A Honey Pot Runneth Over

Posted: February 14, 2014 in McTrip posts, Uncategorized

pooh_pot
Part 2
When I agreed to a long weekend of ice fishing in Northern Minnesota, at a remote cabin with no running water or electricity, I anticipated peculiar things might happen. A urine shower while I slept was not one of them.

Thankfully, that only almost happened. My suitcase was the nearest potential victim, about five feet away from the drip site, but even it made it out, um, undrenched. Still, that’s a little too close for comfort, for both my head and my suitcase.

And now, I suppose you want to know why this near-miss happened in the first place. Demanding reader, you!

Three of the seven of us on this ice fishing trip slept in the cabin’s loft. Because there was no electricity and therefore no lighting, navigating a ladder in the middle of the night to go outside and urinate is rather tricky.

So, seasoned woodsmen (which apparently I am now one) resort to using large urns as urinals. My sophisticated and debonair host refers to them as honey pots, I suppose as an attempt to juxtapose something nice sounding with something really disgusting.

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(Part 1 of 2)
photo-2I used an outhouse for the first time. In fact, I used it three times on a recent four-day ice fishing trip with college friends in northern Minnesota. The temperature was right around zero the entire time. On my final trip to the outhouse (and if there’s a god in heaven, my final trip to ANY outhouse) the temperature was 11-below zero.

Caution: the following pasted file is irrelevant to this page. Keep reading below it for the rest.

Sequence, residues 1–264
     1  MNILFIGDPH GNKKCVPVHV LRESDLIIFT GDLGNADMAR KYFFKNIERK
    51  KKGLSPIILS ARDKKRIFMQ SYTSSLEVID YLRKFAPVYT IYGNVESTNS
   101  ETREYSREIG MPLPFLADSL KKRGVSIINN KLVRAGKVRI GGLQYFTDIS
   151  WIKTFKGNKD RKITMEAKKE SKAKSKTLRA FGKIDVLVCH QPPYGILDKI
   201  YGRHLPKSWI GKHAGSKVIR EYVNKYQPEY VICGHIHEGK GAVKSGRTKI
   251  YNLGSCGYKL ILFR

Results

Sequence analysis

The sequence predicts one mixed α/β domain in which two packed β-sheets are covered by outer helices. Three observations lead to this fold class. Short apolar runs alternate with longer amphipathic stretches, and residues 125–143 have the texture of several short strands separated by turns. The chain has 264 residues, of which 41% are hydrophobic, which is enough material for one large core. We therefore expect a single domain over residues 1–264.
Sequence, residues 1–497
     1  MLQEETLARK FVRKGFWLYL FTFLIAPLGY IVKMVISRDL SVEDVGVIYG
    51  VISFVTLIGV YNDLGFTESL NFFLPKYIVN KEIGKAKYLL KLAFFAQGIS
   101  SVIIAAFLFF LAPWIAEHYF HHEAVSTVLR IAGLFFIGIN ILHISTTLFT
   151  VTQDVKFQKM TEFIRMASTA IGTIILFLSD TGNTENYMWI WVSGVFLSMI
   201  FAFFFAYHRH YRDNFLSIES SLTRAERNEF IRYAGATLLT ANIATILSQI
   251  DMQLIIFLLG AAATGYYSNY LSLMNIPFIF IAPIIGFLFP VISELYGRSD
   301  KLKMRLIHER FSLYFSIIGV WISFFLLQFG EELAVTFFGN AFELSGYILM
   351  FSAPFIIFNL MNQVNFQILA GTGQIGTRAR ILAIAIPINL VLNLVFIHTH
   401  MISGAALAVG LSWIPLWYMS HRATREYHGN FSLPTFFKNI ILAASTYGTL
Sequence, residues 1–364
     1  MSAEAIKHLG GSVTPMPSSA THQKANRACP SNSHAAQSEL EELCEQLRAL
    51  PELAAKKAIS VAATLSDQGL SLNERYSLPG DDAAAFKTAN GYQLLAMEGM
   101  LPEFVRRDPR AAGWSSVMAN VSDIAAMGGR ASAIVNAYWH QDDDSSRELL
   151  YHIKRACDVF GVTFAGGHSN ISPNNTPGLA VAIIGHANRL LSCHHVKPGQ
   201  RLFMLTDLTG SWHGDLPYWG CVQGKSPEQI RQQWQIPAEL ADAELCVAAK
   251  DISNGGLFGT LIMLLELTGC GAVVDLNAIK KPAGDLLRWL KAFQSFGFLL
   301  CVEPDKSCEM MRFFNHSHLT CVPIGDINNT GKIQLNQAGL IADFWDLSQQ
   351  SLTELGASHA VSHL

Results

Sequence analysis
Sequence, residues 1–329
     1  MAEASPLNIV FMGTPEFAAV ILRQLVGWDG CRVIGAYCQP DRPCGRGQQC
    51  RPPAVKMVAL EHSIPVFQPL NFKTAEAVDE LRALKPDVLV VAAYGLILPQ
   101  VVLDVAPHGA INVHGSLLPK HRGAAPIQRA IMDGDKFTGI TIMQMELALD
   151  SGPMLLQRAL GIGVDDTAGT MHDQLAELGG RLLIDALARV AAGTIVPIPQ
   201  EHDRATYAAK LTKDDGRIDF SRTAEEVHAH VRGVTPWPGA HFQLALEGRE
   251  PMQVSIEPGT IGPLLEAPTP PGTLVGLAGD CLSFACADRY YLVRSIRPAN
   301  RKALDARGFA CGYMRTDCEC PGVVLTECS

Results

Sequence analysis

Survived a toilet seat at 11-blow zero felt like surviving Chernobyl. Or Auschwitz. Okay, that’s overstated. But trust me, it was simply horrific.

Said outhouse and adjoining property is owned by the father of a college friend of mine. He finally succeeded in coercing me to leave the 80-degree weather of my hometown and spend a weekend watching a bobber in a 6-inch hole cut in a frozen lake.

Remote only begins to describe this place. If you’ve ever seen “The Shining,” it’s like that, without the opulent hotel or Jack Nicholson with an ax.

In case you want to visit, here are the directions: Work your way to the North Shore of Lake Superior in Minnesota, exit the highway, and head back into the tall pines. Stay on an icy two-lane road for about 12 miles. Then, make a right-hand turn onto a very narrow, snow-packed road for another five miles and pray another vehicle doesn’t come the opposite direction (which it won’t because no one in their right mind is back here). Finally, park your four-wheel-drive vehicle at a clearing, mount a snowmobile with all your belongings and supplies, and skirt through the woods another quarter mile to the cabin.

Let’s just say it’s not a place to have a heart attack.

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IMG_2507“Uncle J, how can you not know where everything is in our kitchen?” my adorable little niece said as I asked, for about the twentieth time, where something was in my sister’s cabinets.

It’s custom in our family that I make a complicated/challenging/gluten-infused dessert on Christmas Eve, often requiring hours of work. My family insists I do this every year, I suspect, in order to keep me out of the living room where I’m bound to offend somebody. Or where I might roll over the dog’s tail in the rocking chair.

For me, I participate in the annual tradition as a test to confirm I can still follow directions.

I’ve made some pretty impressive desserts in my sister’s kitchen, if I do say so. But I’m sorry, little Miss Rememberpants, I don’t recall where your mother stores the food processor. Or the cream of tartar. Or the spring-form pans. Or the brandy. Wait, that’s a lie. I know where she keeps the brandy.